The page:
Setup projects (.vdproj) do not have a project system format that can be understood by MSBuild. Hence MSBuild cannot build these projects directly and consequently neither can Team Build. What we can do however is use the devenv /build command to build the vdproj files and generate msi installers. As I set out to build setup projects and install them on the build machine in order to run tests on those, I followed the sequence of steps listed below:

Override the target AfterCompile in the TFSBuild.proj file. Include an Exec task in the target to build the setup project separately using devenv /build.

<Target Name="AfterCompile">
    <Exec Command="&quot;$(VSINSTALLDIR)\Common7\IDE\devenv&quot; ..\Sources\MySolution\MySetup\MySetup.vdproj /Build"/>

Now, if you kick off a build, the msi is built, but is dropped into the bin folder under the Sources folder in the build directory. But in order to get it into the drop location, you need to edit the "Output file name" property in the setup project properties to ..\..\..\Sources\ since you cannot pass the output directory to the command line. Now, when you kick off a build, you see the msi file in the Binaries folder on the build machine and consequently the drop location. The caveat is that you will need VS installed on the build machine if you want to build using devenv.

Invariably the problem arises that you would want to build the setup project in different flavors now. The solution to that one is slightly tricky. Remember, you cannot pass in the output directory on the command line, that is why you have to build the setup project in the Binaries folder and then include a task to copy the dlls to the appropriate flavor's folder. Then again, you can build the setup project in a different flavor and re copy the dlls into the appropriate folder. You can use the /ProjectConfig switch to specify the flavor in which the setup project is to be built.

Now that you have built setup projects, you want to do something else. Run tests on the installed product to pronounce it good or bad. Consider a solution that has a console application, a setup project and a test project. The setup project is built into an msi that dumps the created exe into a folder called say "D:\Program Files\MySetup". Now, the test project has a generic test that calls the console application's exe from the same folder. If the install has happened successfully on a machine, the test calls the console application exe and based on the behaviour may either pass or fail. But, in case the product is not even installed, then the test aborts saying that the exe is not found. So, now after the AfterCompile custom task builds the setup project, you put in another custom target BeforeTest. Include a task "Exec" in this target that will call the setup.msi file with the /quiet switch to install the product without launching the UI. Right after this target, tests are run in the Test target and the generic test will not abort if the install has succeeded.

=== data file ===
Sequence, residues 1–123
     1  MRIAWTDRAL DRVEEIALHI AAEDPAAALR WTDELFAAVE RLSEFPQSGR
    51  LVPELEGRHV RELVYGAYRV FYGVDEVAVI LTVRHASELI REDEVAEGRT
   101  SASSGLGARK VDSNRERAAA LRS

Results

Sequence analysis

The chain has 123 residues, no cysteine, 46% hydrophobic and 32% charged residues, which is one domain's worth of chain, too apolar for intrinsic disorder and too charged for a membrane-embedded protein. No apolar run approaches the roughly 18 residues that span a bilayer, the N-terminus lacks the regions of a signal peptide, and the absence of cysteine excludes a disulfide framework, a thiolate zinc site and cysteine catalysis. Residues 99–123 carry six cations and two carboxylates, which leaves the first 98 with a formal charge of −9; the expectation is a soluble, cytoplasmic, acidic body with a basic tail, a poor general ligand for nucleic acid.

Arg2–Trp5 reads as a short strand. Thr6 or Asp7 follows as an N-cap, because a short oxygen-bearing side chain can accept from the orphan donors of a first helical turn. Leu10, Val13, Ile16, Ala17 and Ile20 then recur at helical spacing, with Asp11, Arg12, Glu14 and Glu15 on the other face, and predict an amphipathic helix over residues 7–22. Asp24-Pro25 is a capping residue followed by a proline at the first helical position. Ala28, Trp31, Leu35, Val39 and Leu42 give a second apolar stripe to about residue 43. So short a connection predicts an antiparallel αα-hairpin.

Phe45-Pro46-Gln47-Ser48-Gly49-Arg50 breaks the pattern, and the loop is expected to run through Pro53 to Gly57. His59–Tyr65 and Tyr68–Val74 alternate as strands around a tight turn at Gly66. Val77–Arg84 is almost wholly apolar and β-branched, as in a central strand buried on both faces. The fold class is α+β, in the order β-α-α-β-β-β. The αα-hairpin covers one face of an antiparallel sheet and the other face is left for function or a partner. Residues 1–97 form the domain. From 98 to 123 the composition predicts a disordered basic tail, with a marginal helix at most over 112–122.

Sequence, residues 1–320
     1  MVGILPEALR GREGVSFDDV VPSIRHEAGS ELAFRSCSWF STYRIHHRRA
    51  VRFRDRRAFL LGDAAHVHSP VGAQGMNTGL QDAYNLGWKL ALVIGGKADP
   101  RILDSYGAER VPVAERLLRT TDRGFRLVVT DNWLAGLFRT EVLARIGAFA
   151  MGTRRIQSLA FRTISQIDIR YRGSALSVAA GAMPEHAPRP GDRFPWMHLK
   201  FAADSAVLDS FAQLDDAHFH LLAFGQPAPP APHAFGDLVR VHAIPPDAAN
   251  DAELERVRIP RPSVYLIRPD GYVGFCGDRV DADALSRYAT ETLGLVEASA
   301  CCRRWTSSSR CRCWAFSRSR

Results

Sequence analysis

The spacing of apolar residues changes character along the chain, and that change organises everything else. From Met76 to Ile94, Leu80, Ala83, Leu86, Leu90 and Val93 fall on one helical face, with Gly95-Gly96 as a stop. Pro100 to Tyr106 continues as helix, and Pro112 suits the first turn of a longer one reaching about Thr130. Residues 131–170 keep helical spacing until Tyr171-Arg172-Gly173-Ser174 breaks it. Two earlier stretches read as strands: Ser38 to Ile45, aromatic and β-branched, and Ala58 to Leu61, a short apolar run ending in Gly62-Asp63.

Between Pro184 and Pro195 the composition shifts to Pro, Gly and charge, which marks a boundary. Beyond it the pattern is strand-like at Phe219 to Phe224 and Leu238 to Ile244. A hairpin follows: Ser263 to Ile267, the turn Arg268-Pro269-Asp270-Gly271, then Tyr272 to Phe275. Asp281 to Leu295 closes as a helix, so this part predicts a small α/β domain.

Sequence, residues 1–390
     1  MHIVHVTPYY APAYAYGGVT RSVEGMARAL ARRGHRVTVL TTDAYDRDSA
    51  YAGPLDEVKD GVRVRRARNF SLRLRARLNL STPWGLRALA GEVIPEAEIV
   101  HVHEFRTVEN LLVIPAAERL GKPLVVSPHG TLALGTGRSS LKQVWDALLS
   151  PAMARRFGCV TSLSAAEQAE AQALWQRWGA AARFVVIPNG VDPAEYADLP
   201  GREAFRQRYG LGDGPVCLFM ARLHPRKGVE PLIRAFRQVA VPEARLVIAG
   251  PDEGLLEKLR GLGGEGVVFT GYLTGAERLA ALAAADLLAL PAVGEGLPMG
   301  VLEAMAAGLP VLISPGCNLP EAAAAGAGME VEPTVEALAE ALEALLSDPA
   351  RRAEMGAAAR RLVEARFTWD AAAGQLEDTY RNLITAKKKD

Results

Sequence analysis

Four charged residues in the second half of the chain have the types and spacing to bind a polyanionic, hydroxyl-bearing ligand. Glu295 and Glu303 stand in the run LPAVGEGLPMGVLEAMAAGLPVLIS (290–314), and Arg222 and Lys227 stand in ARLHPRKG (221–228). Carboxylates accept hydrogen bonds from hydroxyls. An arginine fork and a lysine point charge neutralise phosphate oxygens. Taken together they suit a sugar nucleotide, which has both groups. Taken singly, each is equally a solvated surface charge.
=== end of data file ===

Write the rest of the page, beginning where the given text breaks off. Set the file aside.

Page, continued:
<Target Name="BeforeTest">
    <Exec Command="..\Binaries\Setup1.msi /quiet"/>

While writing this task, I hit an error in install. This was due to the build service account not being an admin on the build machine and install rights being denied to the account. After adding the build service account as admin on the machine, remember to restart the build service. Now, the install succeeds and the tests run on the installed product.

Feel free to post comments if you need help with any other related scenarios.